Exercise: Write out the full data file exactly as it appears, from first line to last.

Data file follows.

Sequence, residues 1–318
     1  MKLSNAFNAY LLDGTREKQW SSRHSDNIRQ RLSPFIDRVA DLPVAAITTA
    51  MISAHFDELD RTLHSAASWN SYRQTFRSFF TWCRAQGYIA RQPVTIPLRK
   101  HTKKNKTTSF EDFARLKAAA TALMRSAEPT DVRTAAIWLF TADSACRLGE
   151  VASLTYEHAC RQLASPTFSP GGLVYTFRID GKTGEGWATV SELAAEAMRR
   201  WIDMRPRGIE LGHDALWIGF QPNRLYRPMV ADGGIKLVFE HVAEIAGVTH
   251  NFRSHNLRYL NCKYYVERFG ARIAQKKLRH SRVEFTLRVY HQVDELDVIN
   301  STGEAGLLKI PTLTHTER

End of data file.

Sequence, residues 1–318
     1  MKLSNAFNAY LLDGTREKQW SSRHSDNIRQ RLSPFIDRVA DLPVAAITTA
    51  MISAHFDELD RTLHSAASWN SYRQTFRSFF TWCRAQGYIA RQPVTIPLRK
   101  HTKKNKTTSF EDFARLKAAA TALMRSAEPT DVRTAAIWLF TADSACRLGE
   151  VASLTYEHAC RQLASPTFSP GGLVYTFRID GKTGEGWATV SELAAEAMRR
   201  WIDMRPRGIE LGHDALWIGF QPNRLYRPMV ADGGIKLVFE HVAEIAGVTH
   251  NFRSHNLRYL NCKYYVERFG ARIAQKKLRH SRVEFTLRVY HQVDELDVIN
   301  STGEAGLLKI PTLTHTER